corresponding injuries to her feet.
Newscasts appeared of Darlie Routier and other
family members holding a birthday party at the children's grave to
celebrate posthumously Devon's 7th birthday, just eight days after
the murders. Routier, smiling and laughing, appeared jovial as she
sprayed Silly String on the graves in celebration of Devon's
Four days later, Routier was charged with
Routier was ultimately convicted of murdering
the younger of her two sons, and was sentenced to death by lethal
injection. Prosecutors did not try Routier for the death of her
older son, holding his murder in reserve in the event she was
acquitted in the first murder trial or her conviction was
overturned on appeal, as there is no statute of limitations on any
murder charge in Texas. Routier's defense attorney, Douglas
Mulder, was the prosecutor responsible for the wrongful conviction
and subsequent death penalty (both since overturned) of Randall
Adams in 1977. The Adams case is profiled in the documentary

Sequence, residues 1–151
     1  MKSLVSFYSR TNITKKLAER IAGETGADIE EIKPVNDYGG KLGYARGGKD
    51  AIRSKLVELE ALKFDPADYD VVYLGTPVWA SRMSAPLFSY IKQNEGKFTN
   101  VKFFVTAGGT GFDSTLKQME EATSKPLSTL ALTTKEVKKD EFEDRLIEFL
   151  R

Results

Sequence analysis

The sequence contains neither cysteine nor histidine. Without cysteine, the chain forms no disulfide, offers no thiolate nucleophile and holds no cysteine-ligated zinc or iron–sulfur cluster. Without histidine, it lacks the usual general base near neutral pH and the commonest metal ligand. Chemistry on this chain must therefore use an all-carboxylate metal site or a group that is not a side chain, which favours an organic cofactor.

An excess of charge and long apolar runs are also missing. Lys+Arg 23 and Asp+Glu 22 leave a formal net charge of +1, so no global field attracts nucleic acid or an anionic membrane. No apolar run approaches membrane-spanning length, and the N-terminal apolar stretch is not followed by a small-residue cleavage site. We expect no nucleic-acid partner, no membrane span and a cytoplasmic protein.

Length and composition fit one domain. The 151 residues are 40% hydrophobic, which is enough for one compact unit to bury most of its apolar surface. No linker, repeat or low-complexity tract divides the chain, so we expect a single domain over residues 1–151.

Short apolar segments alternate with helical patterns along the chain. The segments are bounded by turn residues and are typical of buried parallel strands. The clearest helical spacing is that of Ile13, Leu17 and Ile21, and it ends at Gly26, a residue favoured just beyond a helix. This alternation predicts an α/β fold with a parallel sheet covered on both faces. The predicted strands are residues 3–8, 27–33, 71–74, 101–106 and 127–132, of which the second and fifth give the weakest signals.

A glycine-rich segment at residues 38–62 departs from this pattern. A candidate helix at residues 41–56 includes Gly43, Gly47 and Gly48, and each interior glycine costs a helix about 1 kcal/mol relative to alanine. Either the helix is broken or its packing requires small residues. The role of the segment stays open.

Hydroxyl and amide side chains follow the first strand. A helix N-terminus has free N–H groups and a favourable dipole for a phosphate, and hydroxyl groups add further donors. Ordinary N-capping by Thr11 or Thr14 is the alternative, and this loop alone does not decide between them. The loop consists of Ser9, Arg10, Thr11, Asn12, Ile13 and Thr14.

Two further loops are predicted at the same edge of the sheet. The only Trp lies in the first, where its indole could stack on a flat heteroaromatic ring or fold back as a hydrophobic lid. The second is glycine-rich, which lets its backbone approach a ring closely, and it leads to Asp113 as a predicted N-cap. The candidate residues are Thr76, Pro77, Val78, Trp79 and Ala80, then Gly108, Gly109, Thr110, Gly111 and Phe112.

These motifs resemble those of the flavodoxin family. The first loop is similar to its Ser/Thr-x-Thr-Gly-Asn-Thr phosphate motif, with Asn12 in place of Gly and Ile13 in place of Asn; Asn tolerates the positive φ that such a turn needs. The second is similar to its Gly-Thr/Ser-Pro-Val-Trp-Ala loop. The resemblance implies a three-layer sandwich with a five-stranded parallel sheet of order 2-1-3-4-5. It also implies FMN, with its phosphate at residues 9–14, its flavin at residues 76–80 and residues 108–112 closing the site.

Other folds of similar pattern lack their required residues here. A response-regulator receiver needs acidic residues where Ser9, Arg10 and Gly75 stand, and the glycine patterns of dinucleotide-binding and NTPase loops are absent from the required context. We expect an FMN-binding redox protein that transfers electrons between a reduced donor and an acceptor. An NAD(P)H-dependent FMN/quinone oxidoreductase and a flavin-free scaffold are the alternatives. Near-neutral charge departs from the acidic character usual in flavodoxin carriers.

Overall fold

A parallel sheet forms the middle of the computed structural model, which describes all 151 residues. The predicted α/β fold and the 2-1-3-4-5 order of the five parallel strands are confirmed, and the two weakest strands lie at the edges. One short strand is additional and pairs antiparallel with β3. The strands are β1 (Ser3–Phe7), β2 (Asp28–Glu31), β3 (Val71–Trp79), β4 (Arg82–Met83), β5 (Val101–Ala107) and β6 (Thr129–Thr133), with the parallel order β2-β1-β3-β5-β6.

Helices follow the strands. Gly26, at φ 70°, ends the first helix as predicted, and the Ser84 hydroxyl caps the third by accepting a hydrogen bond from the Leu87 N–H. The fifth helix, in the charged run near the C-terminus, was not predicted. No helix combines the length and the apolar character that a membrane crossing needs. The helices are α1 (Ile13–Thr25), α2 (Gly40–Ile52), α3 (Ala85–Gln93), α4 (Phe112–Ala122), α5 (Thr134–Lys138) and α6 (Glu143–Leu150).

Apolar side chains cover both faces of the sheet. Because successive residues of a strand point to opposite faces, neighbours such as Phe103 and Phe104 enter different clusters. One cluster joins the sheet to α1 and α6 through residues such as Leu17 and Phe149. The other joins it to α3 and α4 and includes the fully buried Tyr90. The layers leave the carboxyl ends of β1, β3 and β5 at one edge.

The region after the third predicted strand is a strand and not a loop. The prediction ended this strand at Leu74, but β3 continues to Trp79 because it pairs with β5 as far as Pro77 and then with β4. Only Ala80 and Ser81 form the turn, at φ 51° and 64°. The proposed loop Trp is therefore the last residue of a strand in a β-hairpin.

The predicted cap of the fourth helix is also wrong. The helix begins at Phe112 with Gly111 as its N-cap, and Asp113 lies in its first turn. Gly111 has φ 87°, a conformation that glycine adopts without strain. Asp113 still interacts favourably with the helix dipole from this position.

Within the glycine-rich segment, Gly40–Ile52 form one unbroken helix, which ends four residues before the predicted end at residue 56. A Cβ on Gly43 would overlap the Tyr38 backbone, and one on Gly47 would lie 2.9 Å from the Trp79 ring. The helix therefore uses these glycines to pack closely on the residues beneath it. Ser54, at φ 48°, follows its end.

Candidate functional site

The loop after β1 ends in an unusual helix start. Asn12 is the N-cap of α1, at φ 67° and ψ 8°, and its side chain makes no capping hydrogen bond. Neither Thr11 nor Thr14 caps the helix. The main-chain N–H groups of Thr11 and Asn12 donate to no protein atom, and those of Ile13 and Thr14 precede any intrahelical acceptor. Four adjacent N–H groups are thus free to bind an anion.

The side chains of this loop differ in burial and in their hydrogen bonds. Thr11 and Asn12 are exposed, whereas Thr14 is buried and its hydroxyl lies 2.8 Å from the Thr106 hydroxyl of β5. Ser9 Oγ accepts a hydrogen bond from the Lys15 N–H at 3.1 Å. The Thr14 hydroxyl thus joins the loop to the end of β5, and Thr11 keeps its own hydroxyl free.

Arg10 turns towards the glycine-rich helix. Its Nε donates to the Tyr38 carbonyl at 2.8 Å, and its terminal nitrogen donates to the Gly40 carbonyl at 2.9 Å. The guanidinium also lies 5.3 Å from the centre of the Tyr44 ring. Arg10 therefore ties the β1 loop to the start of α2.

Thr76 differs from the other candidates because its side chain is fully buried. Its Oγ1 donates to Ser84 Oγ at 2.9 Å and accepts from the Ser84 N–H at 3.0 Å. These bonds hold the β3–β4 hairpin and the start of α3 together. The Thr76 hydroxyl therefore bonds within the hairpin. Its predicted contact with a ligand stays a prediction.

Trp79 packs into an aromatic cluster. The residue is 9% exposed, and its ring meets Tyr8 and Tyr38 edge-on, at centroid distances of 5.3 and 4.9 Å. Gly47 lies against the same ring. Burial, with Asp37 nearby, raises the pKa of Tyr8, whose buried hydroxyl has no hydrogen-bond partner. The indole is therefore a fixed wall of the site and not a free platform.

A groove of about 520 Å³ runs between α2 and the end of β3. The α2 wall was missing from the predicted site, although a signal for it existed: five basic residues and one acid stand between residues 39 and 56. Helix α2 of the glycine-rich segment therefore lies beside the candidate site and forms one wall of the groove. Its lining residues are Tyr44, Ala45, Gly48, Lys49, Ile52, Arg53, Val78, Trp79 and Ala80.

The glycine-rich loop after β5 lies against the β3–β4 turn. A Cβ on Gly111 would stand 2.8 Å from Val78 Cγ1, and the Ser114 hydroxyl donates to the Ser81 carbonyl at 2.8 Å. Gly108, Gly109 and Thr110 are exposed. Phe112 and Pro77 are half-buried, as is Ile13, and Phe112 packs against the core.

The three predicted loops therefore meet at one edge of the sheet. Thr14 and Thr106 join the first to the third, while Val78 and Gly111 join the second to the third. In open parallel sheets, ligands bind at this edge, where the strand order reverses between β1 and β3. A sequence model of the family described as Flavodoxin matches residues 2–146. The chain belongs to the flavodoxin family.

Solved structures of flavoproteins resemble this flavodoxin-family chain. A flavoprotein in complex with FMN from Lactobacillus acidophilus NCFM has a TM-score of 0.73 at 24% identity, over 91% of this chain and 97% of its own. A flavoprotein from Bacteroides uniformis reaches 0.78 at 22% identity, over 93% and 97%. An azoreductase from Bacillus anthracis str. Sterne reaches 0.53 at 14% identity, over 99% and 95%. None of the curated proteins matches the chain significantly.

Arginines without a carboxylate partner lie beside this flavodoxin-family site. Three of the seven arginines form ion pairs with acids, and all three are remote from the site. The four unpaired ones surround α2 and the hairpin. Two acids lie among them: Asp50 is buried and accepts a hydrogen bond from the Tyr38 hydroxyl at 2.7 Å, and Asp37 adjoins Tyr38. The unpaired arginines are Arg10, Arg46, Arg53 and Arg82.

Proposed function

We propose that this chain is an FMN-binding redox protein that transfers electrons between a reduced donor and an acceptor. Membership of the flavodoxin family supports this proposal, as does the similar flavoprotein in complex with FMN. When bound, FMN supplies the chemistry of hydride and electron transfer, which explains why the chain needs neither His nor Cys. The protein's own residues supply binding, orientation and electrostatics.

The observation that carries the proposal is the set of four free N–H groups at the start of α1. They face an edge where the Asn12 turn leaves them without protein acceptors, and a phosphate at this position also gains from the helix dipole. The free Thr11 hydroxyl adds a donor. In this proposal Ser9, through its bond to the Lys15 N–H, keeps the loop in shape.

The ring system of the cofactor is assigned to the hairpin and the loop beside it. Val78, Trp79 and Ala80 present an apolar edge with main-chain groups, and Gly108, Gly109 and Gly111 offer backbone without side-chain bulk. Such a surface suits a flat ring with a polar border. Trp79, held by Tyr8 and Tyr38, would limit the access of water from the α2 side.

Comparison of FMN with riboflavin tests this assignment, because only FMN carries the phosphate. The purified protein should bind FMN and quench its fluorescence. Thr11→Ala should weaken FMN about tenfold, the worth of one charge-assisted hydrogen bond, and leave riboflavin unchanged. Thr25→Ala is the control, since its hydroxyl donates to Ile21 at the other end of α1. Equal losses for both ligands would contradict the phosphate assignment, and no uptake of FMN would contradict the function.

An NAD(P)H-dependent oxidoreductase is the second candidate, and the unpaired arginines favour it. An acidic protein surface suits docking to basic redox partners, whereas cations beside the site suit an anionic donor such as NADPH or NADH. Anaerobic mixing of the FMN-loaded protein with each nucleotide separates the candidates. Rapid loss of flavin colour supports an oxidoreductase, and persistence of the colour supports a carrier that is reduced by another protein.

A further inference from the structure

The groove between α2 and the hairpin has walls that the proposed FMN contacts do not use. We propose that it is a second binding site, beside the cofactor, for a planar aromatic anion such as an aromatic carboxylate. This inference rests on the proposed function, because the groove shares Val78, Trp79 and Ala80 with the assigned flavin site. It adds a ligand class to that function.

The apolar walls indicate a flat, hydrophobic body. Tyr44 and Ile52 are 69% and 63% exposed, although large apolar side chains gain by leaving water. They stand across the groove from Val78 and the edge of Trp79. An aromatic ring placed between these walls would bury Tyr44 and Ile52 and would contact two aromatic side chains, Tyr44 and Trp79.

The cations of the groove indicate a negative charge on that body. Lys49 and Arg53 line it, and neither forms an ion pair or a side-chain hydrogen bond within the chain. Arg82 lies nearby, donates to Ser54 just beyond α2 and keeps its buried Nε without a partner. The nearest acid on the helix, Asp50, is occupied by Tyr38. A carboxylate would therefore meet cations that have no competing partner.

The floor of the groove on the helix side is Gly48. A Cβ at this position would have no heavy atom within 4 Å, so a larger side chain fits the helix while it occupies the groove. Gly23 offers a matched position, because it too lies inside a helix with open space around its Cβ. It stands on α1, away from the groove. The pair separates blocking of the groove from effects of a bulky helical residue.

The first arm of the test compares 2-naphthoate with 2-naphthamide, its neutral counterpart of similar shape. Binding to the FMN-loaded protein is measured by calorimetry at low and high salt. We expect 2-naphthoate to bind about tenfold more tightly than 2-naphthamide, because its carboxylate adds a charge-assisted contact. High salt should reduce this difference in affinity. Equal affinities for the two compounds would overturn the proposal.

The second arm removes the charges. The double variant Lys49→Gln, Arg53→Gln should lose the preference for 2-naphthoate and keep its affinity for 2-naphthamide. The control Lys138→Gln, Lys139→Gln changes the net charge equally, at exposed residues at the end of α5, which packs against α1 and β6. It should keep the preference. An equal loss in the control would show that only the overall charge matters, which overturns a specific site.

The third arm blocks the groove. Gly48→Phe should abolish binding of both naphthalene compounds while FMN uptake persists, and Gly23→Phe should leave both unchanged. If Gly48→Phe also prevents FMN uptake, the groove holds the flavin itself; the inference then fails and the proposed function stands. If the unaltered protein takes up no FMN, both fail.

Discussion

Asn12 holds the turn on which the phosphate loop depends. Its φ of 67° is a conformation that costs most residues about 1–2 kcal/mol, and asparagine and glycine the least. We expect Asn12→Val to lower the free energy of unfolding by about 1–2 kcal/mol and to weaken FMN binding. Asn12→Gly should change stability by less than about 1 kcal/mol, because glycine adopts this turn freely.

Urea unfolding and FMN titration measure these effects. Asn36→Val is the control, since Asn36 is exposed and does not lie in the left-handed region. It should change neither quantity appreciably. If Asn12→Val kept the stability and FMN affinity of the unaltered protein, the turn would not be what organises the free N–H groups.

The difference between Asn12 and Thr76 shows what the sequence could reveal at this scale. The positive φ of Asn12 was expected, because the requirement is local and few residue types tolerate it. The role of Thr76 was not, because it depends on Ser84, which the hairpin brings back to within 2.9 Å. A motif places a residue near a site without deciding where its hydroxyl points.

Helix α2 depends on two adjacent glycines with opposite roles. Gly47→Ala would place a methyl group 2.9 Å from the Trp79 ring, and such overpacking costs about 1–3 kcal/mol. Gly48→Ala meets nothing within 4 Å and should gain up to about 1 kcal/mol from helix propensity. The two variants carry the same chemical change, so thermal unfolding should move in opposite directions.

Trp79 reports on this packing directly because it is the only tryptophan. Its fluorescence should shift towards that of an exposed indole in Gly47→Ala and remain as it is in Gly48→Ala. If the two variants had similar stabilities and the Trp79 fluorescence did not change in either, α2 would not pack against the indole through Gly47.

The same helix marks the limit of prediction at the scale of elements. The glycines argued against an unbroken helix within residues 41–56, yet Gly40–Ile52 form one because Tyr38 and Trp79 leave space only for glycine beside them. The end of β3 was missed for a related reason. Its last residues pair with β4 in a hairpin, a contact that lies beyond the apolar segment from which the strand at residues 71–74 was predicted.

The Thin Blue Line.
In June 2011 Darin Routier filed for divorce,
having remained married to Routier after the murder of their sons.
Darin Routier stated that the decision to divorce was mutual and
"very difficult," and that he still believes his wife is innocent.
He went on to say that they decided on the divorce to move on from
the "limbo" they've been in since her arrest and conviction.
Routier's family maintains a website which
proclaims her innocence and a new site has been created by
Routier's supporters to present their views and claims of her
Defense attorneys allege that errors were made
during her trial and the investigation of the murders, especially
at the crime scene. They also claim that there is significant
exculpatory evidence which was improperly excluded, while
questionable prosecution evidence was improperly allowed into
evidence. Despite these claims, Routier's appeals have continually
Routier's appeals have been remanded to the
state level for improved DNA testing. Once all state-level testing
has been completed, the testing ordered by the federal courts will
begin. Routier remains incarcerated on death row located in
Gatesville, Texas at the Mountain View Unit of the Texas
Department Of Criminal Justice. She is assigned Department of